ALBUQUERQUE, N.M. – This year’s outbreak of vesicular stomatitis now has been confirmed, not only in horses in Texas and New Mexico, but also in two head of cattle in Starr County, about 225 miles south of San Antonio.
Confirmed. The Texas Animal Health Commission, the state’s livestock and poultry health regulatory agency, received notification of the positive laboratory results late June 29.
“The two infected cattle are on separate quarantined premises in Starr County and are the first confirmed cases in cattle in the U.S. since the l997 VS outbreak involving New Mexico, Colorado, Arizona and Utah,” said Max Coats, deputy director for the commissions Animal Health Programs.
The 1998 outbreak involved only horses.
Testing positive. On one of the premises in Starr County, one cow among a handful of cattle tested positive for the disease, and no other susceptible animals are on the site.
On the second premise, the owner has an infected cow and horse, and there are about 30 other head of cattle and several horses that have no clinical signs.
They have tested negative for the disease, Coats said.
As of June 30, vesicular stomatitis infection in 2004 has been detected on a total of 15 premises in Texas and New Mexico.
Disease investigations. Disease investigations also are continuing.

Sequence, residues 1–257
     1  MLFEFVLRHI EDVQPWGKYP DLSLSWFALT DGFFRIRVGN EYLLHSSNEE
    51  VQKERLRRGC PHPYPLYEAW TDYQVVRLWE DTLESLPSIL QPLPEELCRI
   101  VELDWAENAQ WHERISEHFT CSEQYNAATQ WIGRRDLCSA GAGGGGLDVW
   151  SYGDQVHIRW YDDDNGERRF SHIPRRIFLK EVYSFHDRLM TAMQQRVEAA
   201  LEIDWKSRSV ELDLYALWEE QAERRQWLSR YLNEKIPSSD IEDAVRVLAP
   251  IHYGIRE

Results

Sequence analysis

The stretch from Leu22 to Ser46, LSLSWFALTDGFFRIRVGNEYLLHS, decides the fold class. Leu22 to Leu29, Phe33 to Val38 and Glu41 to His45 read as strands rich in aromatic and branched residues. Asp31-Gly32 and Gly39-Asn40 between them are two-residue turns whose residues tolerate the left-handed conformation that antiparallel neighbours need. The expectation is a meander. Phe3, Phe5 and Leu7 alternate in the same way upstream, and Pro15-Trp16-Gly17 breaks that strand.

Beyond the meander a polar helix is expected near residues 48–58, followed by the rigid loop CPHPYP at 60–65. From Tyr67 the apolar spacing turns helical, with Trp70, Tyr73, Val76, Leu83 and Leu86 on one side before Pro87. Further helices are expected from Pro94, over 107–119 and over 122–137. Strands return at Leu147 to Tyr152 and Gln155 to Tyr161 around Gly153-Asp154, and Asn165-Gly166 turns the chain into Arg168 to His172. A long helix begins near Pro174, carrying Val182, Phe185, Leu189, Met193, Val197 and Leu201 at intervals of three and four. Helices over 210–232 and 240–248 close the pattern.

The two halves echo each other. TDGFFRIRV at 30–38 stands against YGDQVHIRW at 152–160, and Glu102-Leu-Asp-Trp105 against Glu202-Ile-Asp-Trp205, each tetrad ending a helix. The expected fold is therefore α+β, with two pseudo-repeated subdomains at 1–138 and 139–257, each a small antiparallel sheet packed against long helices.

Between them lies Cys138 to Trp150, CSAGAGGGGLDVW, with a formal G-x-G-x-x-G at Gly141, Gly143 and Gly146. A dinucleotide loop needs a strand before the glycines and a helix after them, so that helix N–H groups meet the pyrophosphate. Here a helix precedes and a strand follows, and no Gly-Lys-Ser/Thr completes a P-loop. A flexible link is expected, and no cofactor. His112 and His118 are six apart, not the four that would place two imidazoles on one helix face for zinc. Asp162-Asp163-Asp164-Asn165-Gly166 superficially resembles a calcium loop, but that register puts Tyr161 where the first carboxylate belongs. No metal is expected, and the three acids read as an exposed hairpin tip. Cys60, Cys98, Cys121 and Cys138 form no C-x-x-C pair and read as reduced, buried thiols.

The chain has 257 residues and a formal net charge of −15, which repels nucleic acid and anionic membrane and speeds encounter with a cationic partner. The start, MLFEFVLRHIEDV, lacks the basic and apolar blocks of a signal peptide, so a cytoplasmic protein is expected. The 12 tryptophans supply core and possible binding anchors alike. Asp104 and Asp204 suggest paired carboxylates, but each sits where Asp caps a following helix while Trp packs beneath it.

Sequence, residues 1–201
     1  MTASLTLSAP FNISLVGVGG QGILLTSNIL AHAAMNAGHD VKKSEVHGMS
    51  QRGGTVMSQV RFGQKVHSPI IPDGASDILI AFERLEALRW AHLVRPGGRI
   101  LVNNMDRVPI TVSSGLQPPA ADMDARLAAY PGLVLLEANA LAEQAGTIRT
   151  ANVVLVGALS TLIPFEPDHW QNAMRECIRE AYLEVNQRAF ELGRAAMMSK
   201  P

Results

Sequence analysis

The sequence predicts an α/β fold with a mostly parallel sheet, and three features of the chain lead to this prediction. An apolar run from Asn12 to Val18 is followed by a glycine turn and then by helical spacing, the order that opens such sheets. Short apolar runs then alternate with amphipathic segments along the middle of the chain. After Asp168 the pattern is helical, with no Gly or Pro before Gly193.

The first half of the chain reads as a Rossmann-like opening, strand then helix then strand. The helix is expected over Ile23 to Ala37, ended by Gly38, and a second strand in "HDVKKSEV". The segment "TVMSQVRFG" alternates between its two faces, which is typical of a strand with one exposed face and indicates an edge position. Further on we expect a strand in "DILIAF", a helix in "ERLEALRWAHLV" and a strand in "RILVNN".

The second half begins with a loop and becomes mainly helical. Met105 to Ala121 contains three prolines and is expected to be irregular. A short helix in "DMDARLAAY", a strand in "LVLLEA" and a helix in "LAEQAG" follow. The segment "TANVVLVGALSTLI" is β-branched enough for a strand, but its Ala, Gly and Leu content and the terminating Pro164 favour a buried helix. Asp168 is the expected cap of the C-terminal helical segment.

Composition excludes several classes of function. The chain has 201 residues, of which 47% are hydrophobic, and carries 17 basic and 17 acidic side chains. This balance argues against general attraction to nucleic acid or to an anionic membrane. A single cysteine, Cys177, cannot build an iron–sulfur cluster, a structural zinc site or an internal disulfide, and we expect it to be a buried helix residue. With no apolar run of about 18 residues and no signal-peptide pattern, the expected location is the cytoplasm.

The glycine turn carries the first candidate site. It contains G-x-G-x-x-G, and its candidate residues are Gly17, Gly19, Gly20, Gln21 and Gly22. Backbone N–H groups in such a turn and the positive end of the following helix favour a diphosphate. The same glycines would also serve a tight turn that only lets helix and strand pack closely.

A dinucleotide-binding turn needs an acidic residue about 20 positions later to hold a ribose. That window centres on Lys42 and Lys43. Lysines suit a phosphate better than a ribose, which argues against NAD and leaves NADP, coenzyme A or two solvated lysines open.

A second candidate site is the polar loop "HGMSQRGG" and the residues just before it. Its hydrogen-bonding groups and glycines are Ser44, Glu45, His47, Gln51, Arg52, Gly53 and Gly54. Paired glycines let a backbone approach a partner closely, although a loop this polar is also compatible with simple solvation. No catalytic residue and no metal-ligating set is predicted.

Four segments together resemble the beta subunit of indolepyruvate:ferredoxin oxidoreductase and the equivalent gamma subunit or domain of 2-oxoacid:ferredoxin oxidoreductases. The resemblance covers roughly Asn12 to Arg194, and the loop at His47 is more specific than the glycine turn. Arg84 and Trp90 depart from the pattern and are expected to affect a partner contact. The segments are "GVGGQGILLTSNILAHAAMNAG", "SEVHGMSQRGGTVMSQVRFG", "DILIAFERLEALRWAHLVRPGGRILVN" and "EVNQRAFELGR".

With the exception of two sites in Starr County, all cases involve horses.
Vesicular stomatitis, a viral infection, occurs sporadically in the southwestern U.S. and is thought to be transmitted by sand flies and black flies.
This painful but short-term disease can cause blistering and erosions in and around the mouth, and around the muzzle, teats or hooves of horses, cattle, goats, swine, deer and some other livestock.
Infected. Infected animals with open sores can expose herd mates to the disease through close contact or by the sharing of feed buckets or bits.
As a precaution, all infected and susceptible livestock on a premise are quarantined until at least 30 days after all infected animals have healed.
Samples from horses are tested at the National Veterinary Services Laboratory at Ames, Iowa.
As a safety measure, samples from cloven-hooved animals are shipped to Foreign Animal Disease Laboratory on Plum Island, N.Y., where they are subjected to testing for both vesicular stomatitis and foot-and-mouth disease.
Livestock transporters should check with their intended state of destination to obtain the latest information on testing requirements, movement restrictions or other vesicular stomatitis-related regulations.
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